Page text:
One can view the public utterances on these topics through the prism of politics and be frustrated, regardless of party affiliation. There’s no shortage of players in the blame game.

            But when one steps back from the politics to examine reality, the fact of the matter is that there have been no discernible actual negative impacts of recent Federal Deficits and increased Federal Debt. Certainly there is reason for concern, but it seems silly to try to address these worries with indiscriminate, unfocused spending cuts that could cut economic growth by nearly one fourth. That’s what sequestration is likely to do.

            It’s also important to recall that when the BCA of 2011 was enacted in early August 2011, the political dynamic was much different than today. In mid-2011, the TEA partiers had first come into the Republican caucus in the House, and Pres. Obama’s overall approval rating (per Gallup’s weekly poll) was just over 40%, and under 30% on the economy.

            Unemployment was at 9.1% in July 2011, and Pres. Obama seemed very vulnerable.

            Speaker Boehner and the House Republicans (and various GOP presidential hopefuls) thought the deficit, debt, and the economy would be winning issues for the 2012 elections, and thought they were boxing Pres. Obama in through the BCA. They figured they’d win the Presidency and more seats in both houses of Congress, then do whatever they wanted with the budget, taxes, and spending. They felt no need to DO anything until after the elections they figured they would win.

            They guessed wrong. Things didn’t exactly work out the way Republicans had hoped, which is why they are being dragged kicking and screaming into ANY fiscal deal, and why they’re motivated to try to stretch these fights out. They’re hoping that something, anything, will “stick” to the President.

            It won’t work, but I doubt they’ll stop anytime soon. And Pres. Obama will continue to give Republicans as much rope as they want so long as they keep hanging themselves.

          • WorriedfortheCountry

             They had already passed a budget that would have avoided the fiscal cliff.  However, you did a good job describing their calculus from August 2011 on. 

            What you left out was Obama’s calculus since the sequester was his idea. 

            I find it difficult to believe that Obama will continue to skate on — blameless.

          • Gregg Smith

            I’m not so sure, it’s amazing how willfully blind some can be. He gets away with a lot.

          • WorriedfortheCountry

             Also, how much time have they had to solve this?

            I am venting a bit because I am extremely frustrated with the lack of leadership in the WH.

    • OnPointComments

      “The Unscary Sequester”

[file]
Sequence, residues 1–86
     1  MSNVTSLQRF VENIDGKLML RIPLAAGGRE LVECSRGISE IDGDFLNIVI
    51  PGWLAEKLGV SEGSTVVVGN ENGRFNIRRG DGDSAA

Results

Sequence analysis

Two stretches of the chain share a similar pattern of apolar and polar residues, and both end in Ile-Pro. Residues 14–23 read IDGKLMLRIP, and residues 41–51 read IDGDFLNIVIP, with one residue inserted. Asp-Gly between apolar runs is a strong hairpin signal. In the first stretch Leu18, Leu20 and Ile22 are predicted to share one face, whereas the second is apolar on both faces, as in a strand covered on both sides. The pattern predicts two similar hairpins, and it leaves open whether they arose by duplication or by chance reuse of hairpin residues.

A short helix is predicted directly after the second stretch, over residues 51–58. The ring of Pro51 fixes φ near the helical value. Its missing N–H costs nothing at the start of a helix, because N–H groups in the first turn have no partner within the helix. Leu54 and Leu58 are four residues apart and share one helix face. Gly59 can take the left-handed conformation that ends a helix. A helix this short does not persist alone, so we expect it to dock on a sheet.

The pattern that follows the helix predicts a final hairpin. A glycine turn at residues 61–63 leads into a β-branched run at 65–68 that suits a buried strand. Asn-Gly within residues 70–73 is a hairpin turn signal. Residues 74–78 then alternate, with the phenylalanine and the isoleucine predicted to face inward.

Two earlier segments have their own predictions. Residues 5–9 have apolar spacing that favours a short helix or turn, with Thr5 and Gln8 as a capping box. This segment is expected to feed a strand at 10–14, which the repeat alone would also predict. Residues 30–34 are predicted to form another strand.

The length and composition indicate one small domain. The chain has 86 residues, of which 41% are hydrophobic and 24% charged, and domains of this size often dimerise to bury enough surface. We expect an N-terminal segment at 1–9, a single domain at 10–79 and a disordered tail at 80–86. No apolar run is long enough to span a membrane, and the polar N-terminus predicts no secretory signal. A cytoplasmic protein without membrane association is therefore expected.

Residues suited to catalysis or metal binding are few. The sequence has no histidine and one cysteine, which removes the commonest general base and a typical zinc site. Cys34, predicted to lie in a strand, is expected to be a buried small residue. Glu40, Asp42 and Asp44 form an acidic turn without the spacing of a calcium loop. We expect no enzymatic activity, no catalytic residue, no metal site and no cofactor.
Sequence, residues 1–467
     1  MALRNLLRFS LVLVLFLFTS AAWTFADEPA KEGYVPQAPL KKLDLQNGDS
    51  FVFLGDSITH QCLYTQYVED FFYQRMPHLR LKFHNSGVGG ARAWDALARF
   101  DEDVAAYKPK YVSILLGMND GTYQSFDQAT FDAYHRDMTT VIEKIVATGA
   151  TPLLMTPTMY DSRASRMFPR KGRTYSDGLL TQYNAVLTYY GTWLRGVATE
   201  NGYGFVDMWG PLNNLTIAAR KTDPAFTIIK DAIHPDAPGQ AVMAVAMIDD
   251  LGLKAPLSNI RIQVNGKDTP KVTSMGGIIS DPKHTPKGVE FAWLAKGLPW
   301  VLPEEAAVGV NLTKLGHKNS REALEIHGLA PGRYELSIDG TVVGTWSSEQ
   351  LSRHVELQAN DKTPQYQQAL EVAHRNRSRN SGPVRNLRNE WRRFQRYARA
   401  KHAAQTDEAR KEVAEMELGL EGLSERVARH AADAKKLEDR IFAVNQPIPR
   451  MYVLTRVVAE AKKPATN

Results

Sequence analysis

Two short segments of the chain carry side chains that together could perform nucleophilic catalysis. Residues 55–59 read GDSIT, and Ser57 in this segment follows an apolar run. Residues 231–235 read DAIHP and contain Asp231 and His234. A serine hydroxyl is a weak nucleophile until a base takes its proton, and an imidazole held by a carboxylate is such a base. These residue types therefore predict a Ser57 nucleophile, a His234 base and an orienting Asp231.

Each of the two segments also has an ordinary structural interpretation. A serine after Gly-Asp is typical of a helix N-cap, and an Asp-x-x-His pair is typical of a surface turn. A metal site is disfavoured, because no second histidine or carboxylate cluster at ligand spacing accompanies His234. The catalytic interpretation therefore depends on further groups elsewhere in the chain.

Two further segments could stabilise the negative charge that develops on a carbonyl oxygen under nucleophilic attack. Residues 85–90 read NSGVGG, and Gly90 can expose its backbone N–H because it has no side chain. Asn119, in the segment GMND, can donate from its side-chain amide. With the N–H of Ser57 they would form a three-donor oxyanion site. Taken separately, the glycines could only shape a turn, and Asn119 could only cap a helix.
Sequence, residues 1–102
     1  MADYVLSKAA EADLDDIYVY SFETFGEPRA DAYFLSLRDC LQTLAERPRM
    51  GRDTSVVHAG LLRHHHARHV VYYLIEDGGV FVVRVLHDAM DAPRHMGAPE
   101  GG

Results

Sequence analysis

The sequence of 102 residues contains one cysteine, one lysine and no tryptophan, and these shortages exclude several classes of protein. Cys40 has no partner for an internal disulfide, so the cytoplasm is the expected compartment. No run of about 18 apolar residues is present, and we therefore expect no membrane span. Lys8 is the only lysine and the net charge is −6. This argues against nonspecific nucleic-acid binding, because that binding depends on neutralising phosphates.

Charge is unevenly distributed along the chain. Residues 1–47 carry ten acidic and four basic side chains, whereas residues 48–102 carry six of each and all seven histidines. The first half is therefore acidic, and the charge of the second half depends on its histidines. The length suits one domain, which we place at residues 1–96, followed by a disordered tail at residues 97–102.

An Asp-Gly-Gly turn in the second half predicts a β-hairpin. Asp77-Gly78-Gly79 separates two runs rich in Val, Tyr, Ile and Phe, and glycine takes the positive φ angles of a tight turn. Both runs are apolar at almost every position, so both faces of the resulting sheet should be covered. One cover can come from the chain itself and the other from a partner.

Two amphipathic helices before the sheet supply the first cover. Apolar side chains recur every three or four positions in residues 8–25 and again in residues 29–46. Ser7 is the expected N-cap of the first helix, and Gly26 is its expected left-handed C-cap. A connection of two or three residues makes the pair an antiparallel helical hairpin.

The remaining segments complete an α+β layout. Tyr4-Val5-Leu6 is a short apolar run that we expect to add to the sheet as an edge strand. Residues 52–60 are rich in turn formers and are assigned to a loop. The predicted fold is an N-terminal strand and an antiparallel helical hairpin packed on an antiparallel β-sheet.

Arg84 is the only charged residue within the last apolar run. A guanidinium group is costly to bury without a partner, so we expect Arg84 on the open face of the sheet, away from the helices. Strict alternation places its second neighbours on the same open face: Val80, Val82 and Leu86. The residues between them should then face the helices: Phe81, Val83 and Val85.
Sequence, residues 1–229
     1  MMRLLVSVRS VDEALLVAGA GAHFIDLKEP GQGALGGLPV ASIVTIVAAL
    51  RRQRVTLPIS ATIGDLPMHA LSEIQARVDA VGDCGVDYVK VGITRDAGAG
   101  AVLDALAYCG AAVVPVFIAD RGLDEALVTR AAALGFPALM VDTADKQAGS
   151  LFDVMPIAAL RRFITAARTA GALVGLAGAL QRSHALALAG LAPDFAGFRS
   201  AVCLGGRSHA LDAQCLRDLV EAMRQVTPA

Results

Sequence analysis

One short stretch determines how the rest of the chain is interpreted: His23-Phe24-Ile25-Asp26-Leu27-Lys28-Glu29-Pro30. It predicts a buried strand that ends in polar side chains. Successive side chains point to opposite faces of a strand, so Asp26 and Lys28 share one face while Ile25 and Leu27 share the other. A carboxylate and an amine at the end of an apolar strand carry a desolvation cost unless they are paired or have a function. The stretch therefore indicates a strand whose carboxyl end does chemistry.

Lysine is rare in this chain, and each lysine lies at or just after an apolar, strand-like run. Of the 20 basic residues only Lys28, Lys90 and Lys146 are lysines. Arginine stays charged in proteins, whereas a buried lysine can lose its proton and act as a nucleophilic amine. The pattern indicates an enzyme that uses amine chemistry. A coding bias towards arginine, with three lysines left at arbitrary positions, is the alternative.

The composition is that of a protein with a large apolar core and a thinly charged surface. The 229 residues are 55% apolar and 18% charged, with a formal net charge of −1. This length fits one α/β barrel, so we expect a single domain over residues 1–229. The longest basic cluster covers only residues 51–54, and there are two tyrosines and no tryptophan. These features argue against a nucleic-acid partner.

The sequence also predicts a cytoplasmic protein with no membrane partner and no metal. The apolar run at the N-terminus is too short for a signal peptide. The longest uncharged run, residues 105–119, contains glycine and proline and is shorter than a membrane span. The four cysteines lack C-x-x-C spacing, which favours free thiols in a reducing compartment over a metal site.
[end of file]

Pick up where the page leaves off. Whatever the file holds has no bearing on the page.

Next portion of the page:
http://online.wsj.com/article/SB10001424127887324156204578276262281998922.html 
        
      The sequester would cut an estimated $85 billion from the budget this fiscal year starting in March. For comparison, Congress recently authorized $59 billion in deficit spending in one single bill for Hurricane Sandy relief. 
        
      “The most disingenuous White House claim is that the sequester will hurt the economy. Reality check: The cuts amount to about 0.5% of GDP. The theory that any and all government spending is “stimulus” has been put to the test over the last five years, and the result has been the weakest recovery in 75 years and trillion-dollar annual deficits.”
       

      • hennorama

        OPC – TY for your response. I respect and appreciate your views.

        I understand that there is a difference of opinion about whether the sequester is a good thing or a bad thing. But there is NO difference of opinion that the impact of the sequester on GDP will be negative.

        Real GDP growth was 1.8% in 2011, and an estimated 2.2% in 2012. Reducing GDP by 0.5% means reducing growth by nearly one fourth (22.7%)!

        This is COMPLETELY irresponsible in a time of such low overall growth, regardless of the opinion of the WSJ editorial board.

        • WorriedfortheCountry

          hennorama, maybe I wasn’t clear.  I believe that the ‘magnitude’ of the sequester can be implemented with cuts and without detrimental impact to the economy.  My frustration is with Obama’s lack of leadership.  He appears to be only interested in tactical victories instead of solving the big problems.

          The House has offered (and passed) an alternative to the sequester and yet there is no equivalent offering from the other side.  The only thing they offer is additional tax increases.

          btw – the payroll tax holiday expiration in 2013 has a larger impact on the economy than the sequester yet I don’t see any angst from the left on that action (or inaction).

        • OnPointComments

          It’s ironic that when the top tax bracket increased by 13% in 2013 and the tax rate on dividends and capital gains increased by more than 33% in the top brackets, the liberals described these 13% and 33% increases as tiny; yet a 2.4% smaller than planned increase in government spending because of the sequester is devastating and draconian.  It seems a dollar taken out of the economy through taxes is different than a dollar taken out of the economy through a smaller than planned increase in government spending, and the deficit only matters when government revenue is decreased, not when government spending is increased.
           
          A March 2011 report from the GAO identified up to $100 billion in wasteful government spending, enough to more than offset the sequester cuts.  What did the Congress do with the report and GAO recommendations?  Nothing.